About this poet

Edgar Bowers was born on March 2, 1924, in Rome, Georgia, where his father ran a plant nursery. During World War II he served in Counter Intelligence, ending his military service in Berchtesgaden, Hitler's eyrie in the Bavarian Alps. The experiences of these years had a deep and permanent effect on his poetry. Upon his discharge in April 1946 he returned to the University of North Carolina and then finished his graduate studies with a PhD in English at Stanford University.

In 1956 Bowers published his first collection of poetry, The Form of Loss (A. Swallow). His other books of poetry are Collected Poems (Alfred A. Knopf, 1997); For Louis Pasteur (Princeton University Press, 1990), which won the Bollingen Prize for Poetry; Living Together (DRG Publishing, 1973); and The Astronomers (A. Swallow, 1965). Bowers, who received two Guggenheim Foundation fellowships, worked as a professor of English at the University of California, Santa Barbara, for most of his professional career. After retiring in 1991, he moved to San Francisco, where he lived until his death on February 4, 2000.

A Selected Bibliography

Poetry

Collected Poems (Alfred A. Knopf, 1997)
For Louis Pasteur: Selected Poems (Princeton University Press, 1990)
Living Together (DRG Publishing, 1973)
The Astronomers (A. Swallow, 1965)
The Form of Loss (A. Swallow, 1956)

For Louis Pasteur

Edgar Bowers, 1924 - 2000

"Who is Apollo?" College student

How shall a generation know its story
If it will know no other? When, among
The scoffers at the Institute, Pasteur
Heard one deny the cause of child-birth fever,
Indignantly he drew upon the blackboard,
For all to see, the Streptococcus chain.
His mind was like Odysseus and Plato
Exploring a new cosmos in the old
As if he wrote a poem--his enemy
Suffering, disease, and death, the battleground
His introspection. "Science and peace," he said,
"Will win out over ignorance and war,"
But then, the virus mutant in his vein,
"Death to the Prussian!" and "revenge, revenge!"

How shall my generation tell its story?
Their fathers jobless, boys for the CCC
And NYA, the future like a stairwell
To floors without a window or a door,
And then the army: bayonet drill and foxhole;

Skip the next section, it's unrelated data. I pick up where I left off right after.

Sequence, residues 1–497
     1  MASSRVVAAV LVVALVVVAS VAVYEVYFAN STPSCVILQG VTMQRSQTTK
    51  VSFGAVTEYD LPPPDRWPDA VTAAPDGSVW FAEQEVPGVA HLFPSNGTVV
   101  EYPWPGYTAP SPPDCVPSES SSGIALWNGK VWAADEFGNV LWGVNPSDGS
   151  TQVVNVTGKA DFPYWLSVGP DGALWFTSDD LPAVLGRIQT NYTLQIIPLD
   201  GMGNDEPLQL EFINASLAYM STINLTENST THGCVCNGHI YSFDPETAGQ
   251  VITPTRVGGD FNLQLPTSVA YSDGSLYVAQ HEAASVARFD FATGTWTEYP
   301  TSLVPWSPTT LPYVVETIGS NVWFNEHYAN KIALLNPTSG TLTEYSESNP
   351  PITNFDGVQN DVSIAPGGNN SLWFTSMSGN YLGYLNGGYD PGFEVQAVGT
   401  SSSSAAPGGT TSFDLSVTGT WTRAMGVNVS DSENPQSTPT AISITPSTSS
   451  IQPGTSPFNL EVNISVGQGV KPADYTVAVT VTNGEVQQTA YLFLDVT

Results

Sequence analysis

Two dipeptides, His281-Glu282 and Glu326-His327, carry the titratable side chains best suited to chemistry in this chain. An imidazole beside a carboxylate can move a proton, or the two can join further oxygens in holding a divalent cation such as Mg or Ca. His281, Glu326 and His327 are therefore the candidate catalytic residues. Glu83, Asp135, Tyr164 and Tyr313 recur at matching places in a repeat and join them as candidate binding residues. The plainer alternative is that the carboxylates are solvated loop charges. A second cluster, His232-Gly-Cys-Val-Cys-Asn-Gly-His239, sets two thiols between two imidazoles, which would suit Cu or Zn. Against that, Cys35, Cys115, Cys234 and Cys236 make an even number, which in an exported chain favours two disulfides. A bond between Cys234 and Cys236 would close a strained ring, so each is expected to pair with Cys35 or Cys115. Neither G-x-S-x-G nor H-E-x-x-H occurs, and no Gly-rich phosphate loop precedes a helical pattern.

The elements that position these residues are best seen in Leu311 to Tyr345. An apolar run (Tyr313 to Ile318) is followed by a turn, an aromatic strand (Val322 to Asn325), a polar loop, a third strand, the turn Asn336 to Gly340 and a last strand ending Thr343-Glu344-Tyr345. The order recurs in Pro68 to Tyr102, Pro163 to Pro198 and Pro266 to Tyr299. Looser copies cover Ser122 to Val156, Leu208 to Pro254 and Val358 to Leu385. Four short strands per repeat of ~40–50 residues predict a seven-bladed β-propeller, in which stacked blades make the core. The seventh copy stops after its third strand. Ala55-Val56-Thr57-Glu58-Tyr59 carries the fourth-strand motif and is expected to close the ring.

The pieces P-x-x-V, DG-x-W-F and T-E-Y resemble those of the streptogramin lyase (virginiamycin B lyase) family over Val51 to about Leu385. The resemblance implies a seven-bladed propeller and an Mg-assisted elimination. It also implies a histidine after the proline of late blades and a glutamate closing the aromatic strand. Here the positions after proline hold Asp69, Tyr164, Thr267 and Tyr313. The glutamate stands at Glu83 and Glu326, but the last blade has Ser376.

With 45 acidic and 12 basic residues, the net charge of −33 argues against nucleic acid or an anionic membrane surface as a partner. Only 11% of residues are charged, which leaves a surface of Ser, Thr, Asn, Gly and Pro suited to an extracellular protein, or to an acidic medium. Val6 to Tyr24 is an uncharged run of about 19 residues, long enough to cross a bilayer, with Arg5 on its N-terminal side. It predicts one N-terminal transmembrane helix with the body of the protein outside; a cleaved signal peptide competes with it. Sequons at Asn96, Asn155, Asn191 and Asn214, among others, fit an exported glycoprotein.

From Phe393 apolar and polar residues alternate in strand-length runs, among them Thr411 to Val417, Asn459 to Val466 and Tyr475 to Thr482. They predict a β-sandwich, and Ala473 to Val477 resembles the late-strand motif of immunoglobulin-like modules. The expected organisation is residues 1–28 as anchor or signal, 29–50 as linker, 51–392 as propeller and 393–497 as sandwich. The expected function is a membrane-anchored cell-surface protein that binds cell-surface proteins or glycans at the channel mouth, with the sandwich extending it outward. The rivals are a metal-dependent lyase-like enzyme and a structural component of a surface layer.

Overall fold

Bombing to rubble cities with textbook names
Later to bulldoze streets for; their green bodies
Drowned in the greener surfs of rumored France.
My childhood friend, George Humphreys, whom I still see
Still ten years old, his uncombed hair and grin
Moment by moment in the Hürtgen dark
Until the one step full in the sniper's sight,
His pastor father emptied by the grief.
Clark Harrison, at nineteen a survivor,
Never to walk or have a child or be
A senator or governor. Herr Wegner,
Who led his little troop, their standards high
And sabers drawn, against a panzer corps,
Emerging from among the shades at Dachau
Stacked like firewood for someone else to burn;
And Gerd Radomski, listening to broadcasts
Of names, a yearlong babel of the missing,
To find his wife and children. Then they came home,
Near middle age at twenty-two, to find
A new reunion of the church and state,
Cynical Constantines who need no name,
Domestic tranquility beaten to a sword,
Sons wasted by another lie in Asia,
Or Strangeloves they had feared that August day;
And they like runners, stung, behind a flag,
Running within a circle, bereft of joy.

Hearing of the disaster at Sedan
And the retreat worse than the one from Moscow,
Their son among the missing or the dead,
Pasteur and his wife Mary hired a carriage
And, traveling to the east where he might try
His way to Paris, stopping to ask each youth
And comfort every orphan of the state's
Irascibility, found him at last
And, unsurprised, embraced and took him in.
Two wars later, the Prussian, once again
The son of Mars, in Paris, Joseph Meister--
The first boy cured of rabies, now the keeper
Of Pasteur's mausoleum--when commanded
To open it for them, though over seventy,
Lest he betray the master, took his life.

I like to think of Pasteur in Elysium
Beneath the sunny pine of ripe Provence
Tenderly raising black sheep, butterflies,
Silkworms, and a new culture, for delight,
Teaching his daughter to use a microscope
And musing through a wonder--sacred passion,
Practice and metaphysic all the same.
And, each year, honor three births: Valéry,
Humbling his pride by trying to write well,
Mozart, who lives still, keeping my attention
Repeatedly outside the reach of pride,
And him whose mark I witness as a trust.
Others he saves but could not save himself--
Socrates, Galen, Hippocrates--the spirit
Fastened by love upon the human cross.

From Collected Poems by Edgar Bowers (Alfred A. Knopf, 1997). Copyright © 1989 by Alfred A. Knopf, a division of Random House Inc. Used with permission. All rights reserved.

From Collected Poems by Edgar Bowers (Alfred A. Knopf, 1997). Copyright © 1989 by Alfred A. Knopf, a division of Random House Inc. Used with permission. All rights reserved.

Edgar Bowers

Edgar Bowers

Edgar Bowers was born in 1924 in Rome, Georgia, where his father ran a plant nursery.

by this poet

poem
With their harsh leaves old rhododendrons fill 
The crevices in grave plots' broken stones.
The bees renew the blossoms they destroy,
While in the burning air the pines rise still,
Commemorating long forgotten biers.
Their roots replace the semblance of these bones.

The weight of cool, of imperceptible dust
poem
Before he wrote a poem, he learned the measure
That living in the future gives a farm--
Propinquity of mules and cows, the charmed
Insouciance of hens, the fellowship,
At dawn, of seed-time and of harvest-time.
But when high noon gave way to evening, and
The fences lay, bent shadows, on the crops
And pastures to